Sunday, July 15, 2007

What I wish someone had told me starting out

Probably the one thing that I wish someone had said to me before I had started my own business was “... yeah, that's all great but how are you going to get OUT of the business ?”. In simply terms, what is your exit strategy ? My exit strategy ? You must be joking, I would have said, I want to do this for the rest of my life. Hmmm...that is all well and good but working in your own business for the rest of your life is only one possible scenario. So many OTHER things things could happen along the way that may cause this to change.

Don't get me wrong, I still want to work in my business for the rest of my life BUT what happens if I don't ? What happens if my circumstances change and I need to get out ? What's is my strategy ? If I try and sell my business would I get the value that I have invested in it ? Probably not. A great book that deals with this issue is the E-myth by Michael Gerber. He basically says, what do you have if you can't take holidays when you like, when you can't afford to have a day sick and you are always behind on your work ? You don't have a business you have a job! Which is exactly the thing that most people who start a business are trying to get away from !

It wasn't until I read Gerber's book that I realized that I didn't have an exit strategy. Again, not because I needed one but because it provided me with options. When I started to look closely at my business, through a buyers eyes, I realized that the business didn't have nearly as much value assocaited with as I thought. A good example of this was my accounts. I had done all my accounts in a spreadsheet that I designed myself. I worked really well, was flexible and I knew the in's and out's but if someone from the outside looked at it they would say it wasn't standard and they would want something like Quicken. D'Oh how stupid of me. I'd made that part of my business unattractive to a potential buyer and therefore destroyed value.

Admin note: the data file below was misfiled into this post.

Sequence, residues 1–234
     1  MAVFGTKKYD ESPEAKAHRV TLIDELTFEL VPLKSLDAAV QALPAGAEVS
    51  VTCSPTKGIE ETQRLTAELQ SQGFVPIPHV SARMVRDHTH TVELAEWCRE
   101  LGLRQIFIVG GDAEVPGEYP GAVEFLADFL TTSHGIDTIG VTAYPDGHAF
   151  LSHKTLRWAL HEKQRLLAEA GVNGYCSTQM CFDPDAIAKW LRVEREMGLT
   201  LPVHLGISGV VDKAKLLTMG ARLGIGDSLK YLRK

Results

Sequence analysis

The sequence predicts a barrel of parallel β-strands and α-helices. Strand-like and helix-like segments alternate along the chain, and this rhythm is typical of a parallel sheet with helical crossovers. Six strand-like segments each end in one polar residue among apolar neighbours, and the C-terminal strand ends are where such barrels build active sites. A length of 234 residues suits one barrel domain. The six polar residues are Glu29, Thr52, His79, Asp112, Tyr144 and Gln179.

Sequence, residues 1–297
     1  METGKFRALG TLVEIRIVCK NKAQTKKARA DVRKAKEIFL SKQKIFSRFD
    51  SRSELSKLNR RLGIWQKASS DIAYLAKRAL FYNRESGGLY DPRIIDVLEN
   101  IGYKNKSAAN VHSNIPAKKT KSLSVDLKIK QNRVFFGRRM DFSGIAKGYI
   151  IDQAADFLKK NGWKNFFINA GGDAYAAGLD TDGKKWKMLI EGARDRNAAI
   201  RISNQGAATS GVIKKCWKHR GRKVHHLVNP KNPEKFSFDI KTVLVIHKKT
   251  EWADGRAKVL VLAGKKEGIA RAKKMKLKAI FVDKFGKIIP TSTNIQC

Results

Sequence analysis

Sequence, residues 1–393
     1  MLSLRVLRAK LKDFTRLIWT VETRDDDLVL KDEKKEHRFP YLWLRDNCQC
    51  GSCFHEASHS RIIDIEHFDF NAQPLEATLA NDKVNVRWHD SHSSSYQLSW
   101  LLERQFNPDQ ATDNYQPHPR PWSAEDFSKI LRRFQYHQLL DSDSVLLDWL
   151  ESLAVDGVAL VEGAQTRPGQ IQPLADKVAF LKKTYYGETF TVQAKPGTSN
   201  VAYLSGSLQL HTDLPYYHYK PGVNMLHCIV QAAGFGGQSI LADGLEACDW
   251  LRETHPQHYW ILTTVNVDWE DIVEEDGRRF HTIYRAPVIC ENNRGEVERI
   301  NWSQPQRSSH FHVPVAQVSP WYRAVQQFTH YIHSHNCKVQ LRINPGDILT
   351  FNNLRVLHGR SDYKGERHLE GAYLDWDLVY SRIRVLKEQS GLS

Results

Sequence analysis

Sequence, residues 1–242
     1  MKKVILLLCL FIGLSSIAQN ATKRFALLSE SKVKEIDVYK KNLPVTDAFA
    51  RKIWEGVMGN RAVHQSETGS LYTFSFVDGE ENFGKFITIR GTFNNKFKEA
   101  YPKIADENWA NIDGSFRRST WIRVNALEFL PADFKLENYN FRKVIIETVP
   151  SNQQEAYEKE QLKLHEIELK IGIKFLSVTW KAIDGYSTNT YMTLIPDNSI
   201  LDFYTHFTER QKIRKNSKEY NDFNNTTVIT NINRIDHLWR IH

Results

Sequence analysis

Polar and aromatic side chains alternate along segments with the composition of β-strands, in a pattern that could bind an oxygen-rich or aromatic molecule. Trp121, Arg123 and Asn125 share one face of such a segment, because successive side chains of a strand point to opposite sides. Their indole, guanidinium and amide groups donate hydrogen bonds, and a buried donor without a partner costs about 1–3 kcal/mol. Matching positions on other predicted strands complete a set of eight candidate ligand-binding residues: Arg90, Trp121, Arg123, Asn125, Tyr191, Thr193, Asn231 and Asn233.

When I started looking at the business as a whole through a buyer's eye I realised that my accounts weren't the only place where I'd been destroying value. Every where I looked I had custom one off systems, lacking documentation and procedure. It wasn't that the business didn't function successfully, the problem was all the best bits where in my head. That is all well and good until you try and exit the business. You can't simply dump your brain into the new owner's and move on.

Now I had to start the long ( and still on going ) process of getting everything out of my head and down on paper. I am now constantly working to add value to my business for a potential buyer. I can tell you that it is a right pain in the butt and I wish that someone had made me think about my exit strategy before I got into my own business. So take heed from me. If you are planning to go into business for yourself, plan an exit strategy first, even if you never need it, it is always reassuring to have.